Prosecutors allege that two officers, Lane and Kueng, initially responded to a call at 8:08 p.m. on May 25 that Floyd had used a counterfeit $20 bill at a convenience store. Both officers had just started at the Minneapolis Police Department just days prior, according to their attorneys.

When the two officers found Floyd outside in his car, along with two passengers, they asked him to get out. The complaint says Lane then pointed a gun at Floyd and ordered him to show his hands. When Floyd put his hands on the steering wheel, Lane put his gun away and pulled the 46-year-old out of the car.

Once handcuffed, Floyd walked with Lane to the sidewalk and sat on the ground, and calmly said: “Thank you, man.” The complaint states that Lane then told Floyd to give him his name and identification, and asked if he was “on anything” after noting there was foam at the edges of his mouth.

After the two-minute conversation, Lane and Kueng then walked Floyd to their squad car, at which point he stiffened up and fell to the ground while saying he was claustrophobic. Officers Chauvin and Thao arrived and all four men tried to get Floyd in the car, but he kept falling down and saying he couldn’t breathe, the complaint states.

“At all times, Mr. Kueng and Mr. Lane turned their attention to that 19-year veteran,” Kueng’s attorney, Thomas Plunkett, said last week in a court hearing, referring to Chauvin. “[Kueng] was trying—they were trying to communicate that this situation needs to change direction.”

When Floyd fell down again, Kueng held his back and Lane held his legs—while Chauvin placed his knee on the unarmed man’s neck. The move prompted Floyd to call out for his mother and say several times that he couldn’t breathe. “I’m about to die,” he warned, according to the complaint.

“He was doing what he thought was right,” Lane’s attorney, Earl Gray, argued on NBC’s Today show Monday. “He did not stand by and watch. He was holding the legs because the guy was resisting at first.”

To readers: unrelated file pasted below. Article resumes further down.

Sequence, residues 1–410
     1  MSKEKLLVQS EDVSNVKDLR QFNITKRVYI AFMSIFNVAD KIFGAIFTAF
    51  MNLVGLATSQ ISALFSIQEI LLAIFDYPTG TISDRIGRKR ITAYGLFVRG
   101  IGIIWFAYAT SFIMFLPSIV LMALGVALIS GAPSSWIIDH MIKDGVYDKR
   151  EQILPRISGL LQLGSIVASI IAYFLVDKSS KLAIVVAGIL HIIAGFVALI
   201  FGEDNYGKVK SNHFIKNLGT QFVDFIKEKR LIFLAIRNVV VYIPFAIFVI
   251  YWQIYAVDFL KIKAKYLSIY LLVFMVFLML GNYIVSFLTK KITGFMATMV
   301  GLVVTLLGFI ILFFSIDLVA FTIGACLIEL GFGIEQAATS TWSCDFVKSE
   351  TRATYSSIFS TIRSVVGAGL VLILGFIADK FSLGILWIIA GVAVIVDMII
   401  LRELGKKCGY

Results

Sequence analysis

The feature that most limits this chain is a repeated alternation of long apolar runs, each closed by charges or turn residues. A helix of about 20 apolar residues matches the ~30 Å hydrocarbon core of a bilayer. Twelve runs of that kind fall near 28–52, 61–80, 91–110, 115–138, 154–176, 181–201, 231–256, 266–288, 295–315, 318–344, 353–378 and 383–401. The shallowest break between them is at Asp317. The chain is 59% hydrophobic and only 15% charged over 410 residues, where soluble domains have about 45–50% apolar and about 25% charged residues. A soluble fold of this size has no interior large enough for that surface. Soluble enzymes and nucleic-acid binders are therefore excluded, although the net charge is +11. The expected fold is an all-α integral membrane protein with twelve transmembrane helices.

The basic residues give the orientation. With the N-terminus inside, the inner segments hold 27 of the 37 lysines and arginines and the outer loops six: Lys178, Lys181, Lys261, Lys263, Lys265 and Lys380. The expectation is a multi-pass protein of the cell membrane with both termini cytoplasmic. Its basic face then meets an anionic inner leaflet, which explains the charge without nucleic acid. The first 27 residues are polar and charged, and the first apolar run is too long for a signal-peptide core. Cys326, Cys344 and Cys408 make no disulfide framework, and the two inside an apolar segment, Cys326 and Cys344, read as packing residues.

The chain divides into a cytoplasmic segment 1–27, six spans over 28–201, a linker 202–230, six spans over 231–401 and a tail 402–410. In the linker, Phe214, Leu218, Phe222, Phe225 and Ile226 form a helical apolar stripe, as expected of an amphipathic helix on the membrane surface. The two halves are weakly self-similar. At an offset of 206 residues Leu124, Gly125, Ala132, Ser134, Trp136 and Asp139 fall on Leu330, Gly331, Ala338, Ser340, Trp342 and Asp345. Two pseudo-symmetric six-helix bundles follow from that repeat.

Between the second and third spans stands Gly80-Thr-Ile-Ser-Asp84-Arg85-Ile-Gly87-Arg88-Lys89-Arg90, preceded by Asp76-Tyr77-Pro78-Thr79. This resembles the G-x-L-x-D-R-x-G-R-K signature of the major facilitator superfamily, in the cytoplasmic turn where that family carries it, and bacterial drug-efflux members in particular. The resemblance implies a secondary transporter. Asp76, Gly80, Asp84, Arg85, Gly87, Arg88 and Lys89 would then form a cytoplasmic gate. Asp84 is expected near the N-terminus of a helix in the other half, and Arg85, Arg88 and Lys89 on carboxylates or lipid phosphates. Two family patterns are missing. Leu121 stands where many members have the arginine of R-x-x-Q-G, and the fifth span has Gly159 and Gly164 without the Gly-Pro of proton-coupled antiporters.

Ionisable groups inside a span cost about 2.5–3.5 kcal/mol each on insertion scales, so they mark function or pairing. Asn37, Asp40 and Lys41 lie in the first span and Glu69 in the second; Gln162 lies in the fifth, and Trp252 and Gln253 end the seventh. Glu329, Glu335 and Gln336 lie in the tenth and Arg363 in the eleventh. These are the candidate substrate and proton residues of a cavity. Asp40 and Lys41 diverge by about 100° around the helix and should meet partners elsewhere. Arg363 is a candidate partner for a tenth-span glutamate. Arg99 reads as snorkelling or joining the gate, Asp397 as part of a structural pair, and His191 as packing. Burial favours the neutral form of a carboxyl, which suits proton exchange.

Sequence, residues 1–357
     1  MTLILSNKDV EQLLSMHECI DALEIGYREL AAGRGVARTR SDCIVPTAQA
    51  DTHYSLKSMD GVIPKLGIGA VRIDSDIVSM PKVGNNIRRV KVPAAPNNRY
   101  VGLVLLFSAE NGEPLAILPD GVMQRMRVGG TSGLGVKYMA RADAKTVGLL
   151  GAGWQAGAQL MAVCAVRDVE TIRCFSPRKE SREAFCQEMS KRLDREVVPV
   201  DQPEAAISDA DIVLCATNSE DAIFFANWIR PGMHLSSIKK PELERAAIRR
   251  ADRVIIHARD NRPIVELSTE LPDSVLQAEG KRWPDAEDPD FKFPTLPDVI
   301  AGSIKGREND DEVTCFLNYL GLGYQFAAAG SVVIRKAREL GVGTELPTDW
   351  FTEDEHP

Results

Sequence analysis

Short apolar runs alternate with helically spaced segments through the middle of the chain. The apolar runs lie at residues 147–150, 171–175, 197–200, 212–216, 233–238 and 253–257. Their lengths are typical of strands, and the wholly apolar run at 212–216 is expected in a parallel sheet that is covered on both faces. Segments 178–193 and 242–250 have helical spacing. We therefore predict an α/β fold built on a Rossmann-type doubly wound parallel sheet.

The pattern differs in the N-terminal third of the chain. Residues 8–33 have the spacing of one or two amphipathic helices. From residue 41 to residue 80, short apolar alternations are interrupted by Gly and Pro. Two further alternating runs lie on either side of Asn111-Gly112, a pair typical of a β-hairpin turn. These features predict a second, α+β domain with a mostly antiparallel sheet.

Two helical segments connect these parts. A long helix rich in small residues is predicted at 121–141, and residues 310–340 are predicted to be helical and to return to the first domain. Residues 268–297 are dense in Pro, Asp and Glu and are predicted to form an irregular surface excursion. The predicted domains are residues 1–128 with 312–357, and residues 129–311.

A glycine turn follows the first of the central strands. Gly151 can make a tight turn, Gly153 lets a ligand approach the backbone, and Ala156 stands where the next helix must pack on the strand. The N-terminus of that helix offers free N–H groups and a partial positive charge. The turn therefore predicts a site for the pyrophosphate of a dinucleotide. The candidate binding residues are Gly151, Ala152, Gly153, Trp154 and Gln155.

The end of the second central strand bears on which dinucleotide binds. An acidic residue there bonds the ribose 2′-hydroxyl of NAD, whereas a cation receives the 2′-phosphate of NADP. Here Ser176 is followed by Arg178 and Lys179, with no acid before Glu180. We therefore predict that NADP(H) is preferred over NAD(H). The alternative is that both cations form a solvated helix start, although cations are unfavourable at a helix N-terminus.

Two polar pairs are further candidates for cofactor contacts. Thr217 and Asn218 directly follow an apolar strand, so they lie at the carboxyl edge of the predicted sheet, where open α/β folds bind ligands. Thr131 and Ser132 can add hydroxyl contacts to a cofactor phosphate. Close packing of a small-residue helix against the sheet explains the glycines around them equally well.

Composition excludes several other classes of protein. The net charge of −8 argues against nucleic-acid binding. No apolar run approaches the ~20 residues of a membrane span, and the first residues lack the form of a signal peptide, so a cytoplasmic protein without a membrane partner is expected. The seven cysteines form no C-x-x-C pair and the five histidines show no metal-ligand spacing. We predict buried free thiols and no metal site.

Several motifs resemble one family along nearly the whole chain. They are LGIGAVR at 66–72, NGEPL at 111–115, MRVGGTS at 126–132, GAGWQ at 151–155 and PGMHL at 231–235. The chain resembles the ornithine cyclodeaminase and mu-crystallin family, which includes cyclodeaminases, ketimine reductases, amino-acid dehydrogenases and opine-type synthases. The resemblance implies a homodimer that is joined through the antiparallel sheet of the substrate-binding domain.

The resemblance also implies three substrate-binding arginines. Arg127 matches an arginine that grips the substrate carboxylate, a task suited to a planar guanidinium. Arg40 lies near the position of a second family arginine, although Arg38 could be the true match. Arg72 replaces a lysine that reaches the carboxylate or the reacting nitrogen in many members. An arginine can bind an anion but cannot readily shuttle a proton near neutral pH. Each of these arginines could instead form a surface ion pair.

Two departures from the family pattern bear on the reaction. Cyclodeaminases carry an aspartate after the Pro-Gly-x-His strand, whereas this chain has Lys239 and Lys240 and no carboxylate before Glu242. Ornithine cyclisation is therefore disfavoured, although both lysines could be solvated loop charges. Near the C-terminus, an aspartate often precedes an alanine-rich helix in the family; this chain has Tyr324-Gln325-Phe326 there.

Later, Lane asked his fellow officers if they should roll Floyd on his side, saying, “I’m worried about excited delirium or whatever.” Chauvin responded: “That’s why we have him on his stomach.” The complaint states that Chauvin and Kueng then held Floyd’s right hand up, while the other officers stayed in their positions.

After Floyd stopped moving at around 8:24 p.m., Lane again suggested moving him onto his side, while Kueng checked for a pulse but couldn’t find one. The officers never changed Floyd’s position, prosecutors said.

EMTs told investigators that when Floyd was loaded into an ambulance, he had no pulse.

According to body-camera footage, Chauvin had his knee on Floyd’s neck for 8 minutes and 46 seconds—including nearly three minutes in which Floyd was unresponsive.

Prosecutors added that “Chauvin’s restraint of Mr. Floyd in this manner for a prolonged period was a substantial causal factor in Mr. Floyd losing consciousness, constituting substantial bodily harm, and Mr. Floyd’s death as well.”

The three other officers “intentionally aided” in Floyd’s death by “culpable negligence… and consciously [taking] the chances of causing death or great bodily harm,” prosecutors said.

Lane’s attorney, however, stressed Monday that his client was just following orders—similar to how a military officer would have followed a superior’s commands.

“Now, if you’ve ever been in the military, you ask your sergeant should we do something and he says no, are you going to say, ‘Well no, I’m going to do it anyway’? I don’t think so,” Gray said.

An updated report from the Hennepin County Medical Examiner indicated that Floyd died due to cardiac arrest from the restraint and neck compression. The medical examiner’s office report also states there were indications Floyd had heart disease, including “arteriosclerotic and hypertensive heart disease,” and there was fentanyl in his system.

An independent report commissioned by Floyd’s family, however, states that the 46-year-old was in good health and died of strangulation from pressure to his back and neck. Both reports concluded that Floyd’s death was a homicide.